Everyone agreed Loesser’s songs were good, even great. But they had a lighter, more whimsical tone than the dark, gritty romance the producers had originally conceived. Since they were so good, why not let them guide the way? Feuer and Martin set out to get a new book, written around the songs Loesser had already created. It was unconventional, but conventional was not getting the job done. Then they found their writer.
Abe Burrows had never written for the theater, but enjoyed a successful career writing for radio. His work on the comedy series Duffy’s Tavern demonstrated his mastery of stylized comic dialogue for working-stiff New Yorkers.
Burrows and Loesser really clicked, with Burrows writing elegant and effective lead-ins to Loesser’s songs, and Loesser writing new material inspired by Burrows’ terrific dialogue. Guys and Dolls was turning into something very special: joyful, funny, and yes—Runyonesque. The producers, satisfied with the progress, took things to the next level by bringing in a director. And not just any director—they aimed for the very top.
George S. Kaufman was a show business legend. Pulitzer Prize-winning playwright, acclaimed director and renowned wit of the Algonquin Round Table, Kaufman was not an easy catch, especially considering he had never directed a musical. But after reading the first four scenes, Kaufman signed on as director of Guys and Dolls. This co-author of You Can’t Take It With You and The Man Who Came to Dinner knew his way around comedy, and soon made suggestions to Burrows that would transform the show: beef up the role of Nathan Detroit, give him a fiancée, the unforgettable Miss Adelaide, and accord them the same leading couple status as Sarah and Sky. According to Feuer, Kaufman even suggested the pair had been engaged 14 years.
A flurry of rewrites under Kaufman’s supervision continued, until at last Loesser and Burrows’ labors produced what might be the closest thing to musical comedy perfection ever achieved. This “Musical Fable of Broadway” (as the show was subtitled) opened to the kind of reviews rarely given musical comedies, with words like “art” and and “masterpiece” cropping up regularly. Frank Loesser’s reputation skyrocketed, with some critics even reassessing his work on Where’s Charley? and deciding they had overlooked its high quality the first time around.
It’s not where you start
Feuer and Martin, now with two hits under their collective belts, continued to produce Broadway musicals for decades to come. Abe Burrows began a second successful career writing and directing musicals, and never stopped saying that everything he knew, he learned from working with George S. Kaufman. Kaufman, for his troubles, went home with the year’s Tony Award for Best Director.
It hadn’t been easy, but somehow all their missteps, doubts, wrong turns and scrapped work yielded a masterpiece that appears effortless. Such is the nature of fable, where tortoises can outrun hares, geese lay golden eggs, and a bunch of guys setting out to produce another South Pacific wind up giving the world Guys and Dolls.
Meet the cast after the matinee
No RSVP needed—just join us at Cahn Auditorium
after the Saturday or Wednesday matinee below
Saturday, December 26, 2015 • 4:45 pm (after the matinee)
Wednesday, December 30 • 4:45 pm (after the matinee)
TalkBack with cast after the matinee. Bring the young people
in your life to the show, then meet the performers afterward!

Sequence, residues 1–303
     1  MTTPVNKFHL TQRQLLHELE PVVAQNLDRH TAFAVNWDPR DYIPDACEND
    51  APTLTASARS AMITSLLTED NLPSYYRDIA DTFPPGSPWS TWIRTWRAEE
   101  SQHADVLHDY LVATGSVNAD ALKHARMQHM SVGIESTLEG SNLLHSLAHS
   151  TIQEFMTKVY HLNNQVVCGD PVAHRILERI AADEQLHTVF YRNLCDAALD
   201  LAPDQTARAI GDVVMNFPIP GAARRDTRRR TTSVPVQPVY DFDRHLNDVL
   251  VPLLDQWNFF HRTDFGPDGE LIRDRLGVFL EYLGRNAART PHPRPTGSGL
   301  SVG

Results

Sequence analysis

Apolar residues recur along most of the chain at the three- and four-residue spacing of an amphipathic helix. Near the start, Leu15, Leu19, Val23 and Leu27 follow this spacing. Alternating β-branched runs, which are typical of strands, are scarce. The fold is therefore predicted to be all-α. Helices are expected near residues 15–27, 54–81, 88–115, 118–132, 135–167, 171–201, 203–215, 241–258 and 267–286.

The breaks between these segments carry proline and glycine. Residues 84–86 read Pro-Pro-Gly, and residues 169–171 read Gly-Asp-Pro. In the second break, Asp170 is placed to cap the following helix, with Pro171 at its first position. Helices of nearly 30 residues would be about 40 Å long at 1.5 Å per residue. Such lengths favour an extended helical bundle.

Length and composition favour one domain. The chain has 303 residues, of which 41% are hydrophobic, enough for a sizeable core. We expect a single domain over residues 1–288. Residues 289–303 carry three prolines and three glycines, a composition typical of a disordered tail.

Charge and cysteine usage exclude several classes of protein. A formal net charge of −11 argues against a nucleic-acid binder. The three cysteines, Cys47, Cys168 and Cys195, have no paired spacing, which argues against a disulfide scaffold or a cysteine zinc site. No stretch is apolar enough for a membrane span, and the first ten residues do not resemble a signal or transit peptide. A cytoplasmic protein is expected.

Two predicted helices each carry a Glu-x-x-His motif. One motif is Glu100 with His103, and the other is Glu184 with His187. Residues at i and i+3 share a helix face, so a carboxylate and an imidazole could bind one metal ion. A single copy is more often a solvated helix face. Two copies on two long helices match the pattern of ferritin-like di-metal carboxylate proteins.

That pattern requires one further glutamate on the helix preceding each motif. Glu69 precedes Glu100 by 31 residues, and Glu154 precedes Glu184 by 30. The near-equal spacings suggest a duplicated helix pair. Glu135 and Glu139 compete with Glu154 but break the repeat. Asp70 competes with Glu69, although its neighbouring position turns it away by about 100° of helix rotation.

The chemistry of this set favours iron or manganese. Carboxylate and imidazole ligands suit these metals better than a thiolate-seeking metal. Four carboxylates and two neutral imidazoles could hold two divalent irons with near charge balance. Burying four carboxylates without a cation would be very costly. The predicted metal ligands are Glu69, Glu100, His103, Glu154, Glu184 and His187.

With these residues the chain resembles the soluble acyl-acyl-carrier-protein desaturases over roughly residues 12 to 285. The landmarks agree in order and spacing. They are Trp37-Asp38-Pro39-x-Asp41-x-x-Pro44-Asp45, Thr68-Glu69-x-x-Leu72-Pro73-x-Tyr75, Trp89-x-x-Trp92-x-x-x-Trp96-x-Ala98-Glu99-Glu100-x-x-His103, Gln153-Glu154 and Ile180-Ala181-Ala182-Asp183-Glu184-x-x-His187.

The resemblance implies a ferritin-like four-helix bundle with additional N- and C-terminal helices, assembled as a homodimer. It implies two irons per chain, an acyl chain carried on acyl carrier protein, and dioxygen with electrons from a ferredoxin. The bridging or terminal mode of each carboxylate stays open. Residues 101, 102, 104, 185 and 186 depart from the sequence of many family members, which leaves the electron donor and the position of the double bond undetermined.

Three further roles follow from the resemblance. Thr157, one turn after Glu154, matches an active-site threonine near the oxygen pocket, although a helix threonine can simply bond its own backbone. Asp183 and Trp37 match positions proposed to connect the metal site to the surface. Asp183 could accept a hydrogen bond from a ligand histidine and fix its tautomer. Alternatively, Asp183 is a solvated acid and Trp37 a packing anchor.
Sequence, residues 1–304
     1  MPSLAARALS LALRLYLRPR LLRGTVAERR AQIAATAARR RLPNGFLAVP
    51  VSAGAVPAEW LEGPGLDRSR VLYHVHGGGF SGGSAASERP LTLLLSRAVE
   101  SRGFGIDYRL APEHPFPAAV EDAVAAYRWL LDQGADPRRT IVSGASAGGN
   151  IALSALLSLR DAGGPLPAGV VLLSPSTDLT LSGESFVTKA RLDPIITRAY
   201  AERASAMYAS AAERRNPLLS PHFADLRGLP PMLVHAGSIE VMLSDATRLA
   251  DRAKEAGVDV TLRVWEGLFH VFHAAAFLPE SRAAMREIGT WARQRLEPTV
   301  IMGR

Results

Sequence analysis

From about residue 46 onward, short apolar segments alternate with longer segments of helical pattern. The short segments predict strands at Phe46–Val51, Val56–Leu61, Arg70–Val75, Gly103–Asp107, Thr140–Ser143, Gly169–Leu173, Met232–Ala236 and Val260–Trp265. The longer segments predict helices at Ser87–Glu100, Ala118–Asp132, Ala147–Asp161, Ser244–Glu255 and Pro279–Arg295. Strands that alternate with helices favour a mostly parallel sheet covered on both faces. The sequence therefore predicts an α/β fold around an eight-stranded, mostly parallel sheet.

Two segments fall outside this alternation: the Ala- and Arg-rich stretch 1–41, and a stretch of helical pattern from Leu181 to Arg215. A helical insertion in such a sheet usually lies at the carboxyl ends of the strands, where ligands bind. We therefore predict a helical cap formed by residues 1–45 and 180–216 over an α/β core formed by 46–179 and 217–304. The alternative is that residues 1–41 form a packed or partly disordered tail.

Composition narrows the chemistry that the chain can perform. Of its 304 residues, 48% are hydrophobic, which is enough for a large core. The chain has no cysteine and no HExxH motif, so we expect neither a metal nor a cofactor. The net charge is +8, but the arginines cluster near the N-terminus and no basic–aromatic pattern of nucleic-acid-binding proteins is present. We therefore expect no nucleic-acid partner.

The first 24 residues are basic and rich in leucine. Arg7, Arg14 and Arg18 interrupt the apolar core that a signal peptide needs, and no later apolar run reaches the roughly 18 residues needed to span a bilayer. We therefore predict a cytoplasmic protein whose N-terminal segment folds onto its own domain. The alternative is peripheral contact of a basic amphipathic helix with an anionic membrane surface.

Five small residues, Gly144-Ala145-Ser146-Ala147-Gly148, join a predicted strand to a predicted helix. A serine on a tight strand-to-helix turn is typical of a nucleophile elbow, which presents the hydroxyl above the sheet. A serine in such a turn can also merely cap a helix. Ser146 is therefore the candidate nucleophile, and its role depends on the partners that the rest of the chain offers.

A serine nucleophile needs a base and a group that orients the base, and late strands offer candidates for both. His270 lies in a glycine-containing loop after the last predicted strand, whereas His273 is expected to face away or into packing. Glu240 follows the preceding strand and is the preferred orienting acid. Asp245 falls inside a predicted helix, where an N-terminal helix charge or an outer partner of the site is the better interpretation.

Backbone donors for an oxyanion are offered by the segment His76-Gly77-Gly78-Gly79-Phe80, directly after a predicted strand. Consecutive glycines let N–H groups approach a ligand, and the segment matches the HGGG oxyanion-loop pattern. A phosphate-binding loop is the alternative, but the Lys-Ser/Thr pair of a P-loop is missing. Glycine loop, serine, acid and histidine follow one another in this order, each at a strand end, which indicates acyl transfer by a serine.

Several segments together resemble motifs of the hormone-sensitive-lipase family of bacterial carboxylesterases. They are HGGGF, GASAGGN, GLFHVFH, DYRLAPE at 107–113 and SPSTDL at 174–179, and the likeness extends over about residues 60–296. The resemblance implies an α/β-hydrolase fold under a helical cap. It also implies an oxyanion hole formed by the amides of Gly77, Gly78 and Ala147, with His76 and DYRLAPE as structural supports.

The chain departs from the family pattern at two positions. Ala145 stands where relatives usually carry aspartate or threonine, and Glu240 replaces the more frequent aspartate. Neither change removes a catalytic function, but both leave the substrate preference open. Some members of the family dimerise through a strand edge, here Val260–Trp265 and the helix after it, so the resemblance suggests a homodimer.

Contact: Christopher A. Riley
(847) 920-5354 ext. 10 (press only)
LIGHT OPERA WORKS presents
GUYS AND DOLLS
December 26, 2015 - January 3, 2016
Light Opera Works
GUYS AND DOLLS
Music by Lyrics by Frank Loesser
Book by Jo Swerling and Abe Burrows
Based on a Story and Characters of Damon Runyon
Directed by Rudy Hogenmiller
Choreographed by Clayton Cross
Conducted by Shawn Stengel
Press Opening: Saturday, December 26, 2015 at 2 pm
Second Press Opening: Saturday, December 26 at 8 pm
Sunday, December 27 at 2 pm
Wednesday, December 30 at 2 pm
Thursday, December 31 at 8 pm (New Year’s Eve)
Friday, January 1, 2016 at 8 pm
Saturday, January 2, at 8 pm
Sunday, January 3, at 2 pm
600 Emerson Street, Evanston, IL
Main Floor $49, $69, $79, $94
Balcony $34, $49, $69, $79
New Year’s Eve - $36, $51, $71 $81, $96
Ages 21 and younger half-price (suitable for 8 and older)
Evanston, IL: Light Opera Works presents Frank Loesser’s GUYS AND DOLLS with 24-piece orchestra, December 26, 2015 through January 3, 2016, at Cahn Auditorium in Evanston.
The Tony Award-winning musical about love, comedy and high stakes includes the classic songs “Luck Be a Lady,” “A Bushel and a Peck” and “Sit Down, You’re Rockin’ the Boat.”
GUYS AND DOLLS is considered by many to be the perfect musical, with a cast of vivid characters: Sarah Brown, the upright but uptight “mission doll,” out to reform the evil-doers of Times Square; Sky Masterson, the slick, high-rolling gambler who woos her on a bet to Cuba and ends up falling in love; Adelaide, the chronically ill nightclub performer whose condition is brought on by the fact she’s been engaged to the same man for 14 years; and Nathan Detroit, her devoted fiancé, desperate as always to find a spot for his infamous floating crap game.
The production is directed by Light Opera Works artistic director Rudy Hogenmiller, choreographed by Clayton Cross and conducted by Shawn Stengel.
The cast includes Elizabeth Telford (Sarah Brown), Justin Adair (Sky Masterson), Sarah Larson (Miss Adelaide) and Steve Silver (Nathan Detroit).
The design/production team includes Adam Veness (scenic), Brenda Winstead (costumes), Andrew H. Meyers (lighting), Aaron Quick (sound), Alice Salazar (hair and make-up),Tom Campbell (stage manager) and Katie Beeks (production manager).
The opening night reception for GUYS AND DOLLS is sponsored by Smylie Brothers Brewing Co., Evanston.